Self-Respect Marriages Don't Require Public Solemnisation Or Declaration : Supreme Court

Chambers of Ishaan Garg

Ch. No. 217, Western Wing, District & Sessions Court, Tis Hazari, New Delhi, Delhi 110054

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Upholding the fundamental right of a person to choose a life partner, the Supreme Court on 28/08/2023 overruled a Madras High Court judgment which held that the marriages performed in the offices of the Advocates are not valid as per the Hindu Marriage Act 1955.

The case before the Supreme Court was based on the self-marriage system as per Section 7A, which was inserted in the Hindu Marriage Act by a Tamil Nadu Amendment. According to this Section, two Hindus can marry without following rituals or without solemnization by a priest by declaring marriage in the presence of their friends or relatives or other persons.

In 2014, a division bench of the Madras High Court in S. Balakrishnan Pandiyan v Inspector of Police held that marriages performed by the advocates are not valid and that Suyammariyathai marriage (self-respect marriage) cannot be solemnised in secrecy. Following this ruling, on May 5, 2023, the Madras High Court in Ilavarsan v The Superintendent of Police and Others refused to rely upon a self-respect marriage certificate issued by an advocate and dismissed a habeas corpus petition filed by a man who alleged that his partner was under illegal detention of her parents. Not only that, the High Court also directed that the Bar Council should initiate disciplinary action against advocates who issue such "fake marriage certificates". Aggrieved by this judgment, the petitioner approached the Supreme Court.

Considering the special leave petition, a bench comprising Justices S Ravindra Bhat and Aravind Kumar disagreed with the view expressed in Balakrishnan Pandiyan which was followed in Ilavarasan.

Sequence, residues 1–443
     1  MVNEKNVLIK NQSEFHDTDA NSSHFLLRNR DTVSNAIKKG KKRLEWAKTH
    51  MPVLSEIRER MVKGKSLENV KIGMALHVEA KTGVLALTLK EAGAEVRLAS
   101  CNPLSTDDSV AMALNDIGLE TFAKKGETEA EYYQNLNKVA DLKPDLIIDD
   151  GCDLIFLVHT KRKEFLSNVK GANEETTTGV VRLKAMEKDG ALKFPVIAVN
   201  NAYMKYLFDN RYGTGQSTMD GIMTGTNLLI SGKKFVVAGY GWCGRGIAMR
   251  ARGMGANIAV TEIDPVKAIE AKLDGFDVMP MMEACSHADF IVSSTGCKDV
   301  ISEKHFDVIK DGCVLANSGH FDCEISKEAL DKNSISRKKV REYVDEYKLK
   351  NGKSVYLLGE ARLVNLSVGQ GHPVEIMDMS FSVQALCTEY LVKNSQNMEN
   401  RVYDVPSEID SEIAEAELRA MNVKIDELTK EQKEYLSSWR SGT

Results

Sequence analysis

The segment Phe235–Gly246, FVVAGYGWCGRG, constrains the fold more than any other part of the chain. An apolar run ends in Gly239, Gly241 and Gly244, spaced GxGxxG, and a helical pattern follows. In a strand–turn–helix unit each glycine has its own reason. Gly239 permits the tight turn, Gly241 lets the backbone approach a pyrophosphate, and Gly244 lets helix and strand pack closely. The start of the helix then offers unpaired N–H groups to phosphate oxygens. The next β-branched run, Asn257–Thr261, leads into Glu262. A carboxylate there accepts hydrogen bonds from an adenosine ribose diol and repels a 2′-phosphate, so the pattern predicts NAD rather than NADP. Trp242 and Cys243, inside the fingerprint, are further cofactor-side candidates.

For context, Section 7A of the Hindu Marriage Act (as applicable in Tamil Nadu) is extracted as follows :

“Section 7-A: Special Provision regarding suyammariyathai and seerthiruththa marriages

(1)This section shall apply to any marriage between any two Hindus, whether called suyamariyathai marriage or seerthiruththa marriage or by any other name, solemnized in the presence of relatives, friends or other persons--

(a) by each party to the marriage declaring in any language understood by the parties that each takes the other to be his wife, or as the case may be, her husband; or

(b) by each party to the marriage garlanding the other or putting a ring upon any finger of the other; or

(c) by the tying of the thali."

The Supreme Court noted at the outset that Section 7A was upheld by the Top Court in Nagalingam v Shivgami(2001) 7 SCC 487. It further observed that the view in Pandiyan was based on an assumption that every marriage requires a public solemnisation or declaration.

entirely unfounded.

"Advocates have many capacities. They are officers of the court. While acting as counsel/advocate, they should not undertake or volunteer to solemnize marriages. However, in their private capacity as friends as relatives, their roles as witnesses cannot be ruled out".

Coming to the facts of the case, the Court had earlier called for a report from the District Legal Services Authority regarding the stand of the woman. The woman gave a statement that she wished to live with the petitioner. Based on this report, the Court allowed the petition and set aside the High Court judgment.

Case title: Ilvarasan v. Superintendent of Police 2023 SC